If approved, measure would require dispensaries to give away 2 percent of all medical cannabis to low-income patients
If a new proposal passes a final City Council vote next week in Berkeley, California, poor and low-income medical marijuana users in the city will no longer have to worry about how to afford their next high.
The Berkeley City Council voted unanimously Tuesday to change its laws to require marijuana dispensaries to give 2 percent of the amount of cannabis they sell each year to low-income medical users for free.
The 2 percent would have to be the same quality of medical marijuana a dispensary would sell to paying customers.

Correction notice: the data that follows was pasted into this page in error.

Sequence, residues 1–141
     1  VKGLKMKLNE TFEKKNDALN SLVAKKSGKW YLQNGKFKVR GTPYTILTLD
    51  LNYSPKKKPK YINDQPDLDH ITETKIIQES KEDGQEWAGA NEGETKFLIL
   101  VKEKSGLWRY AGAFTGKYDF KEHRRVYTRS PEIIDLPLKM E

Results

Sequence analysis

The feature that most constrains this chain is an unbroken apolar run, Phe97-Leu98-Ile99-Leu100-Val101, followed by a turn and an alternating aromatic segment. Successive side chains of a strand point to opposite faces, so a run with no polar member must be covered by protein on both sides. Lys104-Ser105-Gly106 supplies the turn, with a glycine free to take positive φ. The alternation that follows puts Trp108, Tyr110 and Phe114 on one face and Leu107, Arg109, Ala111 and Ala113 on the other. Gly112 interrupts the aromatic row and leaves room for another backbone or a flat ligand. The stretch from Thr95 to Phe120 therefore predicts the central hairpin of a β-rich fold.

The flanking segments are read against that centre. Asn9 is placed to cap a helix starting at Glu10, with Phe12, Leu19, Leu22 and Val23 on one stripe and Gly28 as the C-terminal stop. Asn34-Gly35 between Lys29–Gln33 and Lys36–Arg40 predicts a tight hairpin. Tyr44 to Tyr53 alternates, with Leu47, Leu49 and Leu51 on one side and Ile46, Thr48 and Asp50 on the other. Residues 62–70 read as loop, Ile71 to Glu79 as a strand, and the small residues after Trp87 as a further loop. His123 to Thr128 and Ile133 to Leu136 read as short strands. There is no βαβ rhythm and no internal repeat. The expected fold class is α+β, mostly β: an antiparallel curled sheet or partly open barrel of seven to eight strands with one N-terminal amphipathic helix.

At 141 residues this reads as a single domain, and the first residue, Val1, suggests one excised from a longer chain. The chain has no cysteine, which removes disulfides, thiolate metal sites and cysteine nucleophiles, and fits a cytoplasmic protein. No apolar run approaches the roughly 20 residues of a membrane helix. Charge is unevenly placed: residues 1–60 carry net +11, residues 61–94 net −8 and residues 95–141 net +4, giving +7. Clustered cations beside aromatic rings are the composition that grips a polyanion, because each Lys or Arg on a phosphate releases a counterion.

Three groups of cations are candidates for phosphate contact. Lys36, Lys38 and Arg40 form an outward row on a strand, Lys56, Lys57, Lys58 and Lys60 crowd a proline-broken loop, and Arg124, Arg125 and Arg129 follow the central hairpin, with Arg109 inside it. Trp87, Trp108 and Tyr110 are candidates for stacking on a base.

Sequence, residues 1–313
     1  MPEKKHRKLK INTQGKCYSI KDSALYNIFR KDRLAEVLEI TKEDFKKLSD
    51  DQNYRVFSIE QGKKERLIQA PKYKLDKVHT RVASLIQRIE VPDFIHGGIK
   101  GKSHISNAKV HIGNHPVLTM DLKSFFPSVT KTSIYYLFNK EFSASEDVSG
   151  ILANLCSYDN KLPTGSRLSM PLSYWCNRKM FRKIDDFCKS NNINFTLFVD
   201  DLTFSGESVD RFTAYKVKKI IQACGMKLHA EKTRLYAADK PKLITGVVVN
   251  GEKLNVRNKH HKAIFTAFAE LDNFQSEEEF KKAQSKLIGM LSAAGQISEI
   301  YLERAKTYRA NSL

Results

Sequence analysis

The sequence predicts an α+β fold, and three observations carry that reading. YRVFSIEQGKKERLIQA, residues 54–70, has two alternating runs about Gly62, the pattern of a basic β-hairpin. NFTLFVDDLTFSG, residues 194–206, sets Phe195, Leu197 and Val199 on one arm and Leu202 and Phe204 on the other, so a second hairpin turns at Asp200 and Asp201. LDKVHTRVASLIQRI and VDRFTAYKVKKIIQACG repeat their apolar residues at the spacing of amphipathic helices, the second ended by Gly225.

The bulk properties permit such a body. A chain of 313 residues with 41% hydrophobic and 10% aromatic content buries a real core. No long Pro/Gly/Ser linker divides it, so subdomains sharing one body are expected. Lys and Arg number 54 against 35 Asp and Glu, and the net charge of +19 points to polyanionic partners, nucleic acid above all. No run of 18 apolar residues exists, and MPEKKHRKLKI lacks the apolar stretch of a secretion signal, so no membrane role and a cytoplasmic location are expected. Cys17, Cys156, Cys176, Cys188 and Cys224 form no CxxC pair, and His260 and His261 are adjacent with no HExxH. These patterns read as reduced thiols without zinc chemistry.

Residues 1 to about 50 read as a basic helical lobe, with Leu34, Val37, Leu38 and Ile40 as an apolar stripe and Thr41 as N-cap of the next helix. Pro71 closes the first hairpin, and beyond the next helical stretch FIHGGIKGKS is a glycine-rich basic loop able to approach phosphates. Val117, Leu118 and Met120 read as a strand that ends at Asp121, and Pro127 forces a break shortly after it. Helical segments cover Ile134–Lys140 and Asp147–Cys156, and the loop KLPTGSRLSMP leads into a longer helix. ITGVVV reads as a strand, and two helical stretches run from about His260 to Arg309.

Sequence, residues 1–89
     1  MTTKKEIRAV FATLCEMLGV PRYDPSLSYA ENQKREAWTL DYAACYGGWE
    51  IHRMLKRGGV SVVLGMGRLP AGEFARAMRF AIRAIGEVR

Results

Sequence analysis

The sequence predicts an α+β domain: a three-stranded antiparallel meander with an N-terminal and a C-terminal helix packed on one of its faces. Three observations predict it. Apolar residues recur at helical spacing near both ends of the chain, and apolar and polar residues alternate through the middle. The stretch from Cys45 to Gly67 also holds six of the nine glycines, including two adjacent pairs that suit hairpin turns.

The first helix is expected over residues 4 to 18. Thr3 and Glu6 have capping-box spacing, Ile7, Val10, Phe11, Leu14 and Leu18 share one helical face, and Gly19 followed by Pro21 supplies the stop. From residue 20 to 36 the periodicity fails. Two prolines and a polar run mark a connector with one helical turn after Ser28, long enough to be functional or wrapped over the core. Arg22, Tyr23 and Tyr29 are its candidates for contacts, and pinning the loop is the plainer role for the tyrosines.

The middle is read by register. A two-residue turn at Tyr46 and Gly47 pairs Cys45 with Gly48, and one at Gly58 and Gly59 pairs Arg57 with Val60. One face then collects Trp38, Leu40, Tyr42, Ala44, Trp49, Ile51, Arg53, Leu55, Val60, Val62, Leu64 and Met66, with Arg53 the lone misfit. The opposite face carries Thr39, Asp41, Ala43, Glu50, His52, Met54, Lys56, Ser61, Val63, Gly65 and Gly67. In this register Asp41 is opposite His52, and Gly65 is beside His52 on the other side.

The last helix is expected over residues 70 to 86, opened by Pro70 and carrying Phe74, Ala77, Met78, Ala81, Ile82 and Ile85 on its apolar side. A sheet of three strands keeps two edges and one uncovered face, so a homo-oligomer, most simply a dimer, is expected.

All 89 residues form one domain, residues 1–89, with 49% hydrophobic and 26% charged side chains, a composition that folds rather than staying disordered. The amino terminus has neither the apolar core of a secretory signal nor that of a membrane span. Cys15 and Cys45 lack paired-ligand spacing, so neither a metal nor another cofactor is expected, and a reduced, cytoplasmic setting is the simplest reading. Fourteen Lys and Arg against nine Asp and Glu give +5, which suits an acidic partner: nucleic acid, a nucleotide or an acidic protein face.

The change in rules would also allow Berkeley to open another dispensary, bringing the city’s total number to four.
“Basically, the City Council wants to make sure that low-income, homeless, indigent folks have access to their medical marijuana, their medicine,” Berkeley City Council Member Darryl Moore told CBS San Francisco.
“We think this is the responsible thing to do for those less fortunate in our community,” Moore added.
– Read the entire article at Al Jazeera.